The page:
Texananus (Iowanus)
Large, brownish overall. The entire body and wings have a dense reticulated mesh-like dark brown pattern, extending onto the face. The vertex has a white tip, in front of a broken dark brown band between the eyes. Adults are between 9.0 and 10.0 mm long.Found throughout the state.Mixed hardwood forest, open woodlands, grassy areas, etc.
Erythroneura rubrellaA colorful species with a bluish-white body and a reddish color pattern. The two reddish-orange bands on the wings extending downwards from the thorax typically have sharp right angles on the inside, forming a bluish "box". The bluish pattern on the lower, middle half of the wings resembles the outline of an arrowhead when viewed from above, with an orange center. The mesonotum is pale, ranging in color from yellow to orange. The pronotum is largely orange, with a broad "M" shape extending across it; the rest of the pronotum is bluish. The top of the head has a yellowish-green to orange pattern with parallel submedial lines; the midline of the head however is orange to red, a key characteristic for this species. Adults are 2.7-3.0 mm long. (Dmitriev & Dietrich, 2007)Scattered records from several counties in the Piedmont where it can be locally common; likely more abundant across the state in the right habitat.Has been recorded in mixed hardwood forest and forest edge.Cornus pumila, C. stolonifera (Dogwood) (3I)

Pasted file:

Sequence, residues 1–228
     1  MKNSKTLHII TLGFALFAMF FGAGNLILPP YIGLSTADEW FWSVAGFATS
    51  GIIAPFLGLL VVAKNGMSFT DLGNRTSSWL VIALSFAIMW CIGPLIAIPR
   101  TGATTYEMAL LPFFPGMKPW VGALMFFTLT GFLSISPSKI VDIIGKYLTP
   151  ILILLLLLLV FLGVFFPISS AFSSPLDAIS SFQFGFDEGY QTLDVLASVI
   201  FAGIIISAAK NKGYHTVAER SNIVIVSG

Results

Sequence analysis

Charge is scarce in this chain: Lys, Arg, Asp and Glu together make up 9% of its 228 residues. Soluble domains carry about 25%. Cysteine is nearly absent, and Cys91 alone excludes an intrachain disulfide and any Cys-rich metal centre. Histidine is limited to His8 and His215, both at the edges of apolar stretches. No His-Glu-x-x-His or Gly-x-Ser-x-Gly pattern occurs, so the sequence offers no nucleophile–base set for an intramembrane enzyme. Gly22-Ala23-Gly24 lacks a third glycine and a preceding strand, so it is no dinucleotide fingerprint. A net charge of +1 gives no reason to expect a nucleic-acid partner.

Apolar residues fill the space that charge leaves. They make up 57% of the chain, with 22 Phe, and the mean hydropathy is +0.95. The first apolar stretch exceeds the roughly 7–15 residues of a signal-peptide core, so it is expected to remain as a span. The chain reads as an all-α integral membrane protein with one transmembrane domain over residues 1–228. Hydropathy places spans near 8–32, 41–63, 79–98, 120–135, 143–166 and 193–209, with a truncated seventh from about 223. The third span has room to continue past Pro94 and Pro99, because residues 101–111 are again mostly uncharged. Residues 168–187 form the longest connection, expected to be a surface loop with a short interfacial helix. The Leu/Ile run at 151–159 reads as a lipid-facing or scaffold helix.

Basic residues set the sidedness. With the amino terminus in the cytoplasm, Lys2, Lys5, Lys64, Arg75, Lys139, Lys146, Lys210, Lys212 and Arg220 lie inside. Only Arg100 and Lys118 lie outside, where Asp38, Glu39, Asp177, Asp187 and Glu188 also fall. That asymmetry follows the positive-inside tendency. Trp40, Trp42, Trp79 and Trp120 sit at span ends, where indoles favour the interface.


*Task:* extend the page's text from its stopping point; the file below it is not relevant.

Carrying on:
sciNamedescriptionabundancehabitatfood
Telamona maculataA reddish-brown species with a broad, tall pronotal crest (almost a plateau shape). The posterior tip of the pronotum is red, followed by a pale brown and then a dark brown, almost black band. The pronotal horns may be reddish as well and extend well to the sides of the rest of the pronotum. The front of the head is pale. Uncommon, recorded from several counties in the Piedmont and mountains. Seasonal distribution: 10 May- October (CTNC)Forest with oakQuercus